Saying Goodbye to Our Lady of Victory and Hoping to Save an Architecturally Significant Building


No parishioner should have to say goodbye to his or her church. But that’s what I’ve had to do twice in the last 20 or so years. Hope Lutheran Church, my childhood church, closed when I was in my early 30s, and Our Lady of Victory (OLV) Catholic Church, the first church that my wife and I attended in Jefferson Park, held its last mass on November 21. Granted, we were no longer parishioners at OLV when it closed, but the closure hit us hard.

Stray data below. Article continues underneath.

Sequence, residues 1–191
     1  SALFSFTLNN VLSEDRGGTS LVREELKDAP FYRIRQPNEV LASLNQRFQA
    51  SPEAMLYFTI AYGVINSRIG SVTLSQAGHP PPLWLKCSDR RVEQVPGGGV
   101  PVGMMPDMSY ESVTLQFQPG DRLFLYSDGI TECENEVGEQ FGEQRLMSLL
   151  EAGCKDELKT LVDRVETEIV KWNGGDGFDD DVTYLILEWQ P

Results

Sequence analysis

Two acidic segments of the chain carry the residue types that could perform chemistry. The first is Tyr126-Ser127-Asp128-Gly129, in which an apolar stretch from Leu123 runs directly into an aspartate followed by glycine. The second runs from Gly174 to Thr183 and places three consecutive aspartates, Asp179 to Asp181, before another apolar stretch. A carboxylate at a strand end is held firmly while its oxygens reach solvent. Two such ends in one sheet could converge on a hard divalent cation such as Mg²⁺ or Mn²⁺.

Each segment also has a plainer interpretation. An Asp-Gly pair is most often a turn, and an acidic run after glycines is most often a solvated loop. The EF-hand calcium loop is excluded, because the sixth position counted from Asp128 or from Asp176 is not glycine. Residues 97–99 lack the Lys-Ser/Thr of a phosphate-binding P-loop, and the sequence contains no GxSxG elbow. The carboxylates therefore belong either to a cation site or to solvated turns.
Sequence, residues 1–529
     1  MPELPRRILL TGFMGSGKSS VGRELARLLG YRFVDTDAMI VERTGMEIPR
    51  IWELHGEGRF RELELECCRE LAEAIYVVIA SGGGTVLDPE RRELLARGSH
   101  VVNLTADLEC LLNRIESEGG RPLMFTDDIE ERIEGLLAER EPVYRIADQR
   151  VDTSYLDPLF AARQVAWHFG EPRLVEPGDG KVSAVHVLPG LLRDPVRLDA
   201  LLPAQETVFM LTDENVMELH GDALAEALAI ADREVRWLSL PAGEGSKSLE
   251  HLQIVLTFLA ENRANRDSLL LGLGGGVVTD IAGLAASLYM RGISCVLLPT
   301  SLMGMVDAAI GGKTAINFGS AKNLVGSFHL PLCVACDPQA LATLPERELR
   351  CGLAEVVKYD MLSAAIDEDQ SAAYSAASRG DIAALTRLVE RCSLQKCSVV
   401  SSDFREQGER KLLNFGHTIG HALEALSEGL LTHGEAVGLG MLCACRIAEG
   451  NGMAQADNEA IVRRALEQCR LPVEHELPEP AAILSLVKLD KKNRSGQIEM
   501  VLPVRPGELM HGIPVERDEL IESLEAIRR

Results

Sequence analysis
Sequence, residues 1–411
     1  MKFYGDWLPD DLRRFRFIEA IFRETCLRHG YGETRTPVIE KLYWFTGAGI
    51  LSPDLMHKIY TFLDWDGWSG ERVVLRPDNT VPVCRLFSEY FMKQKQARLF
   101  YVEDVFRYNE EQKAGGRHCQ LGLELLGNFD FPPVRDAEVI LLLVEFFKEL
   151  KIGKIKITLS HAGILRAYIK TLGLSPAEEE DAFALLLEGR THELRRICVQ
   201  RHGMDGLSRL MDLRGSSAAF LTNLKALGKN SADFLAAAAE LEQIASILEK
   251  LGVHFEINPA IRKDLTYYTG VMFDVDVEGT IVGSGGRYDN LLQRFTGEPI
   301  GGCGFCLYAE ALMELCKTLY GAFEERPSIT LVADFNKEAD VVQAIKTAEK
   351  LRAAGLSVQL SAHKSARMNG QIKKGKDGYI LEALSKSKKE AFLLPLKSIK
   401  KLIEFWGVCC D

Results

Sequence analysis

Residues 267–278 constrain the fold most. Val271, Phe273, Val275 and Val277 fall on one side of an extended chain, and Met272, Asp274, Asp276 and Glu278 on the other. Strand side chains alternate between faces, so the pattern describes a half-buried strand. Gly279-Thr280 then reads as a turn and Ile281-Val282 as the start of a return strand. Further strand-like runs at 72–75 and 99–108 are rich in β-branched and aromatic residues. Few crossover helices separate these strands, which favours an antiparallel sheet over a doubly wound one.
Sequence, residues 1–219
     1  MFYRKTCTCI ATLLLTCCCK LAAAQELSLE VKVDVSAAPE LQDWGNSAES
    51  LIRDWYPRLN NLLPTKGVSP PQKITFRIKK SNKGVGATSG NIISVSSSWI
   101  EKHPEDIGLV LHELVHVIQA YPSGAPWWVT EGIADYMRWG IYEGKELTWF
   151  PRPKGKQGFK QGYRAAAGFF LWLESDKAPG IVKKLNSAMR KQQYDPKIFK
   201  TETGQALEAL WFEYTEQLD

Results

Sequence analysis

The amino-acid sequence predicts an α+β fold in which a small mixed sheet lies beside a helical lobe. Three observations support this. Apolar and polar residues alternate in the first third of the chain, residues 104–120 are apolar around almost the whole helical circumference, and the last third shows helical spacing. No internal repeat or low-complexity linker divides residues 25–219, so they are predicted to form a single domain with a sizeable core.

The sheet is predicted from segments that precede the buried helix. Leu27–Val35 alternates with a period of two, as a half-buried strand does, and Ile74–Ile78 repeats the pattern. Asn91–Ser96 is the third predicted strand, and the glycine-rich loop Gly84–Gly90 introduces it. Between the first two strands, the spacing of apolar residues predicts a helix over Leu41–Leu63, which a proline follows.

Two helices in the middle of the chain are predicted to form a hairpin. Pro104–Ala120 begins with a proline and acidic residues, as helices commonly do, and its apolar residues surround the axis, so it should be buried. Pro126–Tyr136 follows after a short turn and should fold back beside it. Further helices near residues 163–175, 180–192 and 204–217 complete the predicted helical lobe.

Hope Lutheran Church and School was located in Marquette Park—a neighborhood on Chicago’s South Side. I was baptized at Hope and attended Nursery-8th grade there. I served as an acolyte, participated in Boy Scouts, and played on the school’s basketball and soccer teams. My mom volunteered in the school kitchen for decades, and my father served on the church’s Board of Trustees. My parents, brother and wife, and other family members were married there. I think about Hope often, but especially around Christmastime. Every December, parishioners assembled and decorated two 15-foot Christmas trees on either side of the altar. Dozens of poinsettias were placed in holders along the main aisle to the altar, as well as below the Christmas trees. In some years, the choir would walk down the aisle with lit candles at the beginning of the service and then place them near the altar. Luminarias were sometimes placed outside the church. And us kids would participate in a Nativity Play that was part of the main Christmas Eve service. Hope at Christmas was stunning, and I remember the pride we all took in our beautiful church. When the service was over, I remember all of us kids getting a bag of oranges and a mesh stocking of candy. We were in heaven. Hope was the centerpiece of my life for more than 25 years and losing it was like losing a good friend. Its absence hurts me to this day. Because one’s church/school is often the center of one’s life—especially when you are young. But Hope, like other churches in Chicagoland, closed its doors. All that’s left are some keepsakes and friendships from this great place.